Feeds

European manned spaceship design unveiled in Berlin

Bound to be used - as bargaining tool in Moscow, at least

Next gen security for virtualised datacentres

Proposals for a European-built manned spacecraft have been formally unveiled in Berlin, with some backing from the German government. Backers of the plan hope to see the European Space Agency (ESA) using Euro technology to carry astronauts into orbit, rather than Russian Soyuz rockets.

As reported previously, the mock-up now on view at the Berlin Air Show is a modified "Jules Verne" Automated Transfer Vehicle (ATV) cargo module, of the type which has just begun carrying supplies to the International Space Station (ISS). Pan-European aerospace company EADS, whose space arm Astrium makes the ATV and the Ariane V heavy-lift rocket, hopes that the ESA will fund a manned Jules Verne and launch it using Ariane boosters.

"For us, this is about opening up options," Astrium's Frank Pohlemann told the BBC yesterday. "Instead of diving into studies and spending the next five or six years with no concrete development, what we propose is to do something now and open up options."

Astrium's proposal is first to modify the ATV so that it can return to Earth safely after a normal uncrewed cargo mission, carrying items down from the ISS. Lack of room for such return trips has recently compelled ISS crew to jettison large pieces of equipment into the Earth's atmosphere.

According to Pohlemann, the Jules Verne could be set up for re-entry by 2013 at a cost of "well below one billion" euros. It could then be converted to a three-seat manned ship by 2017, at a total cost "in the frame of a couple of billion" euros.

To date, when ESA manned missions have not taken advantage of NASA's good offices, Euro astronauts have ridden in Russian Soyuz ships. The ESA-Russia partnership is of long standing, and valuable to Russia - to the point where the permanent ESA delegation in Moscow has full diplomatic status.

However, the reputation of Russian Soyuz landers has suffered badly following two recent re-entries which followed an unplanned, much steeper than usual descent path and subjected astronauts to especially severe G forces. There can't be much doubt that many at the ESA - probably including most of the astronauts - would rather ride in a European or American ship at the moment.

Seeking to offset this perception, the Russian space agency Roskosmos went so far as to announce that the ESA planned a new generation of Euro-Russian ships for manned Moon missions last month - just days after news of the Jules Verne mod plans broke, funnily enough. However, for its part the ESA was more reserved, saying that no decision on joint plans with Russia had been made.

The signs are that the German government at least is willing to offer some support for EADS Astrium's notion of an all-Euro manned ship, though even Germany may not be willing to stump up much cash. Support for manned spaceflight - in terms of actual money, certainly - has always been weak in Europe.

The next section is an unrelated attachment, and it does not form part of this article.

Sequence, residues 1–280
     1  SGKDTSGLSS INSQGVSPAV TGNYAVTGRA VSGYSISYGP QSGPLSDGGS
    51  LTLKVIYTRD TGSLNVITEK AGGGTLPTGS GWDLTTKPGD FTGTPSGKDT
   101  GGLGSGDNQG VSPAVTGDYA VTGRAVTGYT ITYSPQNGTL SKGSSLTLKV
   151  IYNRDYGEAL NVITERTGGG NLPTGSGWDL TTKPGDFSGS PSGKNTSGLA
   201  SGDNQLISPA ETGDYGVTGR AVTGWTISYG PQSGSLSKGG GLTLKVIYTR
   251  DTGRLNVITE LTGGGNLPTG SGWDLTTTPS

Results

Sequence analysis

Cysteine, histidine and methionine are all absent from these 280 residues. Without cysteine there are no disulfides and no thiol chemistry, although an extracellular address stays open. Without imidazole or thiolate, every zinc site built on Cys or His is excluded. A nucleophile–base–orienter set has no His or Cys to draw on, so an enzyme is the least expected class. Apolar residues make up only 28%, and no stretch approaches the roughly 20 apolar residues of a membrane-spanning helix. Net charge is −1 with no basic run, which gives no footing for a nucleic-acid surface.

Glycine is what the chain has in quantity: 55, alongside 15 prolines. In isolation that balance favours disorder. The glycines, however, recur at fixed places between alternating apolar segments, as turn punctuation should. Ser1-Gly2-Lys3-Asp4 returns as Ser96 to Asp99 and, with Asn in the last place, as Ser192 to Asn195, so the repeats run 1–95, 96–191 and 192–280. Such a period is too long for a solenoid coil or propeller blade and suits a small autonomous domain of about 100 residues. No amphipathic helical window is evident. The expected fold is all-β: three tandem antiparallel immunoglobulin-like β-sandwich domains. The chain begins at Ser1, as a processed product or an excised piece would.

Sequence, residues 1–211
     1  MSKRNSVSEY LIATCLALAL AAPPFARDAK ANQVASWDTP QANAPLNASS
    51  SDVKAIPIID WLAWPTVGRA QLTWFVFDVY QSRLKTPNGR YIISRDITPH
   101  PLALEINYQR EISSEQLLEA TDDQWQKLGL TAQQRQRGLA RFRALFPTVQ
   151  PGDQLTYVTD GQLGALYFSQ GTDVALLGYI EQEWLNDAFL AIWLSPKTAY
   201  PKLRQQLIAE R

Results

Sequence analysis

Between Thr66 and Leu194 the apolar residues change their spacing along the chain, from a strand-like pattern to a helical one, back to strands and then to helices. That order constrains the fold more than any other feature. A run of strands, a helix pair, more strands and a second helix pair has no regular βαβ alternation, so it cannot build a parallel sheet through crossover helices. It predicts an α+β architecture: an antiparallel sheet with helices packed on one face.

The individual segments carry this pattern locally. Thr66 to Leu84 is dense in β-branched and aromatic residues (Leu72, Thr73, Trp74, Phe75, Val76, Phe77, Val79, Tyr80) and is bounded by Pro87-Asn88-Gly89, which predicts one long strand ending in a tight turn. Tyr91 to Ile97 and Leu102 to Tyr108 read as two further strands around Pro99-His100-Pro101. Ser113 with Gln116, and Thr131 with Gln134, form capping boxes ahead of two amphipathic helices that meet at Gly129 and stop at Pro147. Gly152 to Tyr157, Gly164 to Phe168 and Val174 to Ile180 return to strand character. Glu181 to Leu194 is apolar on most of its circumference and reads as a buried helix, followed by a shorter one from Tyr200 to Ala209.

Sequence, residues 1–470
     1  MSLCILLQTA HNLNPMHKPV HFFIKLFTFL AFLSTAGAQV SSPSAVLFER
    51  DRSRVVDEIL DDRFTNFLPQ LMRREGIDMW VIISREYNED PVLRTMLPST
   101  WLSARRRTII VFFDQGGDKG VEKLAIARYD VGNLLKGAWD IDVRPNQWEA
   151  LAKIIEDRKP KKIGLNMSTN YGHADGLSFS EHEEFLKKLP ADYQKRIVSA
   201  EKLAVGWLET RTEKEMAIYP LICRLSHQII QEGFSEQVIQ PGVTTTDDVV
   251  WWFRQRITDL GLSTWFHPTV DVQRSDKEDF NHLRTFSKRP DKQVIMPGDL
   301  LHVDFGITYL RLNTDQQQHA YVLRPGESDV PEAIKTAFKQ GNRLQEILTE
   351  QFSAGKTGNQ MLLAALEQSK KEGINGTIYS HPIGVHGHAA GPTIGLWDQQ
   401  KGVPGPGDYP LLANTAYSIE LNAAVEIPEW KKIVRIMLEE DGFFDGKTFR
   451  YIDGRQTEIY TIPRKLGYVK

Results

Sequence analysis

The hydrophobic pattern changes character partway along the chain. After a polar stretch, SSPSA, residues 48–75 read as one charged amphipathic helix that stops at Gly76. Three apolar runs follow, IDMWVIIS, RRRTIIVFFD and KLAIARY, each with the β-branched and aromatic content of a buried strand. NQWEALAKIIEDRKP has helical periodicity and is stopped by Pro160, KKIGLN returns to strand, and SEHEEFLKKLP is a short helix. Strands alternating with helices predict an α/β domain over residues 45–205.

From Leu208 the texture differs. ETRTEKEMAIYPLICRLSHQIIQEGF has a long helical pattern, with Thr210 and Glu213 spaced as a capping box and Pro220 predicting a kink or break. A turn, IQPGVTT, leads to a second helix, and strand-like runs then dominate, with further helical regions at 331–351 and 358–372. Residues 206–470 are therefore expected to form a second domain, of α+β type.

If the Russians can offer a cheap enough deal, they would certainly still seem to be in the running. This will be even more the case if they can sort out the re-entry snags on the Soyuz effectively. In the end, the Astrium ATV blueprint may be used, but as a bargaining tool in Moscow rather than an actual spaceship. ®

Secure remote control for conventional and virtual desktops

More from The Register

next story
Our LOHAN spaceplane ballocket Kickstarter climbs through £8000
Through 25 per cent but more is needed: Get your UNIQUE rewards!
LOHAN tunes into ultra long range radio
And verily, Vultures shall speak status unto distant receivers
NASA to reformat Opportunity rover's memory from 125 million miles away
Interplanetary admins will back up data and get to work
SpaceX prototype rocket EXPLODES over Texas. 'Tricky' biz, says Elon Musk
No injuries or near injuries. Flight stayed in designated area
EOS, Lockheed to track space junk from Oz
WA facility gets laser-eyes out of the fog
Volcanic eruption in Iceland triggers CODE RED aviation warning
Lava-spitting Bárðarbunga prompts action from Met Office
LOHAN Kickstarter push breaks TWELVE THOUSAND POUNDS
That's right, folks, you've stumped up OVER 9,000 beer tokens - and counting
prev story

Whitepapers

Endpoint data privacy in the cloud is easier than you think
Innovations in encryption and storage resolve issues of data privacy and key requirements for companies to look for in a solution.
Implementing global e-invoicing with guaranteed legal certainty
Explaining the role local tax compliance plays in successful supply chain management and e-business and how leading global brands are addressing this.
Advanced data protection for your virtualized environments
Find a natural fit for optimizing protection for the often resource-constrained data protection process found in virtual environments.
Boost IT visibility and business value
How building a great service catalog relieves pressure points and demonstrates the value of IT service management.
Next gen security for virtualised datacentres
Legacy security solutions are inefficient due to the architectural differences between physical and virtual environments.